Power Politics: The Violence of Energy Insecurity

Posted on April 16, 2008
Filed Under >Adil Najam, Economy & Development, Law & Justice, Society
30 Comments
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Adil Najam

These pictures from the Associated Press are truly astounding (story in Dawn).

Riots over energy power cuts in Multan, PakistanRiots over energy power cuts in Multan, PakistanRiots over energy power cuts in Multan, PakistanRiots over energy power cuts in Multan, Pakistan

Crowds rioted in Multan – the home city of the new Prime Minister Yousuf Raza Gillani – in protest of the massive power cuts because of the growing energy crisis in Pakistan. The office of the Water and Power Development Authority (WAPDA) were ransacked. A dozen cars and buses were set afire. Stones were thrown. A bank was torched. At least 13 people were injured.

The angry man with the gun in the red shirt that you see in the first picture is senior WAPDA official, Mohammad Ishtiaq, opening areal (hawaii) fire to disperse the crowd after about 10 WAPDA workers were injured. In the last picture you see an unidentified WAPDA official grabbing hold of one of the protesters.

This is the “power” politics at its very worst. The real face of energy insecurity. When life is made miserable, anger spills on the streets and so does blood. The senselessness of the violence is only compounded by the senselessness of the energy crisis that triggered the violence. And it is not even summer yet. It promises to be a summer of even greater discontent.

30 responses to “Power Politics: The Violence of Energy Insecurity”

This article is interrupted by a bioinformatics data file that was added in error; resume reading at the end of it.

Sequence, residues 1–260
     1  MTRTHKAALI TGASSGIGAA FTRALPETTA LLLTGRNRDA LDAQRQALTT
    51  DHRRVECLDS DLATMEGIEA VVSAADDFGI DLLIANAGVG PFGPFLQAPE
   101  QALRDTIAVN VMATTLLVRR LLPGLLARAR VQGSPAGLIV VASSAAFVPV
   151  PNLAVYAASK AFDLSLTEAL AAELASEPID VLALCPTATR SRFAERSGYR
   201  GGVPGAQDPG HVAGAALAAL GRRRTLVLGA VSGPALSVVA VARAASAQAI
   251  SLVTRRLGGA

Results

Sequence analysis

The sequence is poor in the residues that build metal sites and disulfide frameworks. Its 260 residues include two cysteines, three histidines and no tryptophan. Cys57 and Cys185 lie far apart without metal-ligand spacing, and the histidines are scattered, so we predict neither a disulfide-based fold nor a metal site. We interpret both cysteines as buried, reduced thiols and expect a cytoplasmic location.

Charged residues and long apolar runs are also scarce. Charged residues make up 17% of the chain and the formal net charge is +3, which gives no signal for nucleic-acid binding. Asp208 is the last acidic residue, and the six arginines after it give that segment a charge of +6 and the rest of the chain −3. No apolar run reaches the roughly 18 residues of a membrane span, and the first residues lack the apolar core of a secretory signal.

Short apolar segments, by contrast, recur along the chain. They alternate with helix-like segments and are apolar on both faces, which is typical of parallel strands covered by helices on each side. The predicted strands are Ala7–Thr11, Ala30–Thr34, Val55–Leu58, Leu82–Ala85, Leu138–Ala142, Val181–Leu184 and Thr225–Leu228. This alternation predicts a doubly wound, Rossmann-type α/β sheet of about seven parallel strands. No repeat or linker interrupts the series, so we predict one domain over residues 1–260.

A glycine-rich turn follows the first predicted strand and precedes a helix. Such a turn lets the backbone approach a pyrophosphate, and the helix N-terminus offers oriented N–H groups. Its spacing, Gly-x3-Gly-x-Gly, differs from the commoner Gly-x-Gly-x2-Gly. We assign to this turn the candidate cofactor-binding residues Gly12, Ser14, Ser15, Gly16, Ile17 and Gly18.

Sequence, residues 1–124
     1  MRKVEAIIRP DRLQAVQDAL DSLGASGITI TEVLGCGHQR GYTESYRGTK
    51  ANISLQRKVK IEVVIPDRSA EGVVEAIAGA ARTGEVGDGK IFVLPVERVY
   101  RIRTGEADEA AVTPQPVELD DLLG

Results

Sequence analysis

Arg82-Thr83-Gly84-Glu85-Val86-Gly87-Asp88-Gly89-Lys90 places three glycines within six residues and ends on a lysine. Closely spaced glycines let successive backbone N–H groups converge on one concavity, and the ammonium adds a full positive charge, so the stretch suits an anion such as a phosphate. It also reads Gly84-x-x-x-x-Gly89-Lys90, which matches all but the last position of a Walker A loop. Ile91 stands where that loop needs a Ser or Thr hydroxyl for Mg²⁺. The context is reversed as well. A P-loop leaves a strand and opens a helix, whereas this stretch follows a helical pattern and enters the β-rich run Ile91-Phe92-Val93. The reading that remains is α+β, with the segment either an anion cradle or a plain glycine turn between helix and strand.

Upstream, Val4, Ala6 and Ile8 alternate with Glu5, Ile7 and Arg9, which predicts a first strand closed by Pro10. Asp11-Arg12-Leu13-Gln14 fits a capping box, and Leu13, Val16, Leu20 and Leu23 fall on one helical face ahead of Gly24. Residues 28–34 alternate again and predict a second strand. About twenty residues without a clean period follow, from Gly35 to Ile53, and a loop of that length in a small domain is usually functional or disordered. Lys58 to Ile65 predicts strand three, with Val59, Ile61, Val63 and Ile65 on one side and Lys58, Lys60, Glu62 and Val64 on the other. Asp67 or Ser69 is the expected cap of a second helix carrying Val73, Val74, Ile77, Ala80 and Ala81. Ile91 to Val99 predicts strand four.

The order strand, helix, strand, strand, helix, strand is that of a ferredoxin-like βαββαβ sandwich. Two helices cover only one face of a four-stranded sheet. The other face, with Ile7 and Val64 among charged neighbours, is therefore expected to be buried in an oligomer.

1. Rehmat Yazdani says:

    There is no eneregy or water conservation strategy in Pakistan or if there is any then i have not seen that being implemented. I am living in Australia these days and here all the markets follow 9:00-5:00 schedule ( i guess this is the normal schedule in all developed countries) — Why can’t government of Pakistan adopt such a strategy — i remeber in Pakistan shops are open till 10:00 / 11:00 pm — besides i guess if industries are asked to operate at night then that way electricity load could also be balanced. But what to do with ‘ electricity theft ‘ and corruption in the power sector ??

  2. readinglord says:

    Just see those plump faces of the fat cats of WAPDA and the lean and hungry faces of the protesters. The WAPDA is no doubt the most corrupt organization of the Pakiland which is sucking the blood of the people by abusing the distribution of power which instead of being developed by this, so called, Power Development Authority is becoming scares day by day. Nawaz Sharif had during his previous regime tried to set it right by employing army but that also made the situation worse. The present regime does not seem to realize the urgency of the situation at all and is making long term promises replete with chanting of the mantra of Inshaallah like their predecessors. So the position seems to be hopeless, Inshaallah, Mashaallah, we seem to be heading towards the Stone Age with only grass to eat as Atta (flour) is also becoming scarce.

  3. Rizwan Elahi says:

    Life all over is tough these days USA is hitting 4 dollars per gallon for GAS ( petrol). Give the present Government a chance to prove people. Yes do the protest but do not hurt your own country by burning it.

  4. libertarian says:

    Tina: Regardless of how this energy crisis works out, people cannot waste power on things like personal air conditioning any more. This is true for every country. Energy should be spent on manufacturing and lighting and other definite needs.

    Hmmm … the European approach. “Reduce, downsize, conserve, live like a hermit, live like the ancestors (the cavemen were carbon-neutral!) … public transport, better architecture …”. Also known as problem avoidance. Better to solve the *%$%# problem in our generation, than to avoid it and pass “gift” it to our kids.

  5. Great article on this energy insecurity violence! Thank you for the research.

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